Fork me on GitHub
#architecture
<
2020-04-22
>
adam62218:04:32

This release from Flink is fascinating to me — in short, it enables more-easily building an event-driven system, where Flink manages the event stream and also manages invocations of external stateless services (FaaS or otherwise). https://flink.apache.org/news/2020/04/07/release-statefun-2.0.0.html. “Flink invokes the functions through a service endpoint via HTTP or gRPC based on incoming events, and supplies state access. The system makes sure that only one invocation per entity (`type`+`ID`) is ongoing at any point in time, thus guaranteeing consistency through isolation. By supplying state access as part of the function invocation, the functions themselves behave like stateless applications and can be managed with the same simplicity and benefits: rapid scalability, scale-to-zero, rolling/zero-downtime upgrades and so on.” It’s so exciting to me to see higher-level distributed systems primitives being born and maturing. I see Flink’s work as part of a pattern where lots of people across the distributed systems community are working on treating (micro|stateless) services/functions as virtual actors: • Virtual actors in https://dapr.io. • Durable functions on Azure (Microsoft Research invented virtual actors in https://dotnet.github.io/orleans) There are parallels here to what’s happening in the Kafka ecosystem as well, with Kafka Streams, ksqldb, etc. And with Apache Pulsar and its Functions… Where do AWS and GCP initiatives fit into all this?

richiardiandrea18:04:04

I was happy to to see this. Apache Pulsar is also super interesting cause it basically is able to store event on different storage (like S3). The only thing I would about all these JVM/Apache tools is the overhead in ops. It's a pity cause you really need to ponder before adopting them.

adam62218:04:20

That’s also what I most appreciate about Pulsar — having Bookkeeper offload to blobstores. Kafka has recently made public moves to support that as well. I expect that eventually everything will have a Kubernetes operator — it doesn’t solve all the problems, but a lot of them

richiardiandrea19:04:32

Yeah but that's then another piece to hold knowledge about. I don't know, I feel we are getting farther and farther from simplicity here 😄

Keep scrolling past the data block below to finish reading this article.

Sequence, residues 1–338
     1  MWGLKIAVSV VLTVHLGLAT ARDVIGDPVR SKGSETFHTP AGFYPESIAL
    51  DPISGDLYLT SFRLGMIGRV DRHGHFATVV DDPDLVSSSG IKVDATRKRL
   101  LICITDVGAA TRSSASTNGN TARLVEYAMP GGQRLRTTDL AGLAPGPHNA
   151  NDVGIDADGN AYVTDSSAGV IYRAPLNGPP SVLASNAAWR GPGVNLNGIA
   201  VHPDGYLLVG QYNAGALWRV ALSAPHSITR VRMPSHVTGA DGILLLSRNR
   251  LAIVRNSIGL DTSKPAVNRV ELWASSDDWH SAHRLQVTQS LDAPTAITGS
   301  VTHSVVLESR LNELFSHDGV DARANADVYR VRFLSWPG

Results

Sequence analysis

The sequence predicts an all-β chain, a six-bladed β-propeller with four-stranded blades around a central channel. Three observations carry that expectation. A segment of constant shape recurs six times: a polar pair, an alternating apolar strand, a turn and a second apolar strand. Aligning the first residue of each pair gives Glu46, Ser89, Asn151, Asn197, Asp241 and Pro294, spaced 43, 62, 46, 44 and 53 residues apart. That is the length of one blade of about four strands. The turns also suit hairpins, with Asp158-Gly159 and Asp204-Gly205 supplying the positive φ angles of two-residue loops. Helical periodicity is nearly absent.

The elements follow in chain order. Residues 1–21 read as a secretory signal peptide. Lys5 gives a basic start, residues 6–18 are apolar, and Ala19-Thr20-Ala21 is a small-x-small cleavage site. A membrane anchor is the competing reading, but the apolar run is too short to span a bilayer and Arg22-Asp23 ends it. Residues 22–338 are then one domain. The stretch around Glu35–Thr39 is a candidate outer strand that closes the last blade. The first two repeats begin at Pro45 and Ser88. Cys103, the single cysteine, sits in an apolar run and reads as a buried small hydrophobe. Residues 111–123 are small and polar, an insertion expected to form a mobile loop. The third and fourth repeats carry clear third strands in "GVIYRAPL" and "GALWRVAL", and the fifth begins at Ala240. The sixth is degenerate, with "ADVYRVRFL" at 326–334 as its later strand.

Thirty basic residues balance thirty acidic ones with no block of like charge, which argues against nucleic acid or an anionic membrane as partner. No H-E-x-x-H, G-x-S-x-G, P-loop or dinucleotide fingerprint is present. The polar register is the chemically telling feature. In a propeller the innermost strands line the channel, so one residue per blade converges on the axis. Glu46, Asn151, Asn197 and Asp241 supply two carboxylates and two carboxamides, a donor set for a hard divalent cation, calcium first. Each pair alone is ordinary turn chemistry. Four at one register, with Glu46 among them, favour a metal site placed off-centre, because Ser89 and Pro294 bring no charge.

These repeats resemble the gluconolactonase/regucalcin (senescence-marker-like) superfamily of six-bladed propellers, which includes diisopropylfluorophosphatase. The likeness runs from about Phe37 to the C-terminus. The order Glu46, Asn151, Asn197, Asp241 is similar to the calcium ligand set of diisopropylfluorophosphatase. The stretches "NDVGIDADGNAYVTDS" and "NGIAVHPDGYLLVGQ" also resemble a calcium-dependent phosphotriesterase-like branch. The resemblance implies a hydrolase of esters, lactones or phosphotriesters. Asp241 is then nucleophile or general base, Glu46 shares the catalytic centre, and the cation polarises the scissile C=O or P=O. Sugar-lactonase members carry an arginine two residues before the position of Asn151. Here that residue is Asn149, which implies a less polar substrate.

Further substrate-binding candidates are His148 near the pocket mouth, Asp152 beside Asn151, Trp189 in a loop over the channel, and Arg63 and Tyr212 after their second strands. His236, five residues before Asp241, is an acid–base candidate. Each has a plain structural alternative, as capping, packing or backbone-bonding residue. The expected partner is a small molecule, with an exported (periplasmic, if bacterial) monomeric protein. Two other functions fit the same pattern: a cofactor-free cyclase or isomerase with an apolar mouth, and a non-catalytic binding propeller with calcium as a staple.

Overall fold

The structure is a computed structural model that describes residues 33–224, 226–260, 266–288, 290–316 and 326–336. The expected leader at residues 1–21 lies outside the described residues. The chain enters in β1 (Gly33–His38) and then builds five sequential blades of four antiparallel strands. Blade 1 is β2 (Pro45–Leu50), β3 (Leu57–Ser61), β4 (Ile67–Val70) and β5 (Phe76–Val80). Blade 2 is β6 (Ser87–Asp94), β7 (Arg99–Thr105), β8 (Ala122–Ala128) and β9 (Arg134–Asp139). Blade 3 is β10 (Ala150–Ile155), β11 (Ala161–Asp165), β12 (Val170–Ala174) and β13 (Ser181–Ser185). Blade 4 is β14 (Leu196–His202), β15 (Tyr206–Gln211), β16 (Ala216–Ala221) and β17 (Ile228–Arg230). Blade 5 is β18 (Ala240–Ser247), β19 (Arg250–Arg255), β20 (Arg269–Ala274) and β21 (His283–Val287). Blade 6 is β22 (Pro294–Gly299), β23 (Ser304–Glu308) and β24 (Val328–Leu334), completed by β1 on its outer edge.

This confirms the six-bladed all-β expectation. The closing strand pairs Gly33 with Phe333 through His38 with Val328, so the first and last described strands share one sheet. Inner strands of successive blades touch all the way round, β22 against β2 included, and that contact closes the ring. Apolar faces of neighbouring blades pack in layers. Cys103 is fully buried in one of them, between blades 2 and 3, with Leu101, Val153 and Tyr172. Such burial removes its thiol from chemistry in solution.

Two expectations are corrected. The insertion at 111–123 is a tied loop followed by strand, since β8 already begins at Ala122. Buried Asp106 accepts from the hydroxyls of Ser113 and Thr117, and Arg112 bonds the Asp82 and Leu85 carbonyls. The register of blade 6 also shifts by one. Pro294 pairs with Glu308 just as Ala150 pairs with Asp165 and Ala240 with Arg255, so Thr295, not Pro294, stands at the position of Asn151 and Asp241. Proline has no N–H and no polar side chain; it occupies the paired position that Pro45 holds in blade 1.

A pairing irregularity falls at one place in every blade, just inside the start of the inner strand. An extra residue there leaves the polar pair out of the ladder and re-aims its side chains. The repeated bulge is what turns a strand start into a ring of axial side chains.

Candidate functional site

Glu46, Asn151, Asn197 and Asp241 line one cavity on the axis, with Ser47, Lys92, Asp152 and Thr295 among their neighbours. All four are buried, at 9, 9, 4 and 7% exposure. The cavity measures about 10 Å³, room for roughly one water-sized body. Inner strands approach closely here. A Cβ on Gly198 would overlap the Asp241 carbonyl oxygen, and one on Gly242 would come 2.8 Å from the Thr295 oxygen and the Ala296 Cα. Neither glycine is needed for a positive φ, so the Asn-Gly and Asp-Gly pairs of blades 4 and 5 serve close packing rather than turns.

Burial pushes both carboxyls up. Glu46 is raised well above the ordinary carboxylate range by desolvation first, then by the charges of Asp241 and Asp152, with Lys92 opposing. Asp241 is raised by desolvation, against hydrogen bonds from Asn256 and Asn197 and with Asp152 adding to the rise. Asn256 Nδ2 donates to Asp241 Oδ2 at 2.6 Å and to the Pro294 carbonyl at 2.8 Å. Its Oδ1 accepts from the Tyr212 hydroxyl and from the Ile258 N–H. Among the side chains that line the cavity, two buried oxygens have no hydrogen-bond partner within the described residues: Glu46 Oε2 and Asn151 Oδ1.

lukaszkorecki18:04:18

That's really interesting - so I can create a pipeline which consumes events from somewhere an on each event it can call an arbitrary HTTP endpoint to do something with the event record?

lukaszkorecki18:04:35

and push results somewhere else ?

lukaszkorecki18:04:49

GCP has Apache Airflow support I believe

lukaszkorecki18:04:56

which seems to be an equivalent

adam62218:04:06

@lukaszkorecki I think that’s a good description. Flink StateFun will also ensure there is only 1 concurrent invocation for each unique event record (which I see as actor-like). GCP has Cloud Dataflow, which is based on the Apache Beam runtime model (for which Flink is a first-class runtime, along with the hosted Dataflow service)

lukaszkorecki18:04:59

Right - that's apache Beam. Too many competing Apache projects ;-)

adam62218:04:11

(GCP has Cloud Composer, which is Airflow, which IIUC isn’t designed to handle a high volume of workflows — that’s why these workflow tools exist https://netflix.github.io/conductor/ and https://github.com/uber/cadence)

lukaszkorecki18:04:01

Need to think about this - I'm trying to figure out how we can create a reliable pipeline of workers to do API fetches, but with rate-limiting per tenant

adam62218:04:02

I’d say AWS Step Functions is similar in spirit to conductor/cadence

adam62218:04:22

I’m also interested in the outbound rate limiting problem

adam62218:04:33

I don’t understand why there isn’t off-the-shelf tooling for that

lukaszkorecki18:04:41

at this point we have a janky rate limiter based on redis :-/

lukaszkorecki18:04:56

but still no queues per tenant (because we rely on RabbitMQ)

adam62218:04:19

https://zeebe.io is an OSS-ish workflow tool (from Camunda who do BPM)

adam62218:04:27

Maybe helpful for building that stateful pipeline

adam62218:04:51

Perhaps you could limit calls per-tenant by sending all tenant calls through the same worker? Then you don’t need a distributed rate limiting tool, just a way to partition tenants across workers

adam62218:04:40

Or, similarly, a logical queue per tenant

adam62218:04:00

ah you mentioned RabbitMQ

lukaszkorecki18:04:24

Logical queues are ok, but only to a point - Rabbit cannot scale well with a large number of queues

lukaszkorecki18:04:56

Same worker could potentially do it, but then we tie our deployment to a number of tenants, which come and go

hiredman18:04:06

there is a great talk about rate limitting

lukaszkorecki18:04:41

btw, I don't enforce rate-limits - it's the 3rd party APIs that we need to call

lukaszkorecki18:04:59

and limits vary per tenant (enterprise accounts vs regular plans) etc etc

lukaszkorecki18:04:05

it's a multi-variable nightmare

adam62218:04:15

Salesforce is often the culprit there

lukaszkorecki18:04:31

we solved that by pushing processing to Salesforce itself - they call us ;-)

lukaszkorecki18:04:58

but it's terribly hard to debug if something fails so that's a big trade off

hiredman18:04:49

you may also want to look at aws step functions for inspiration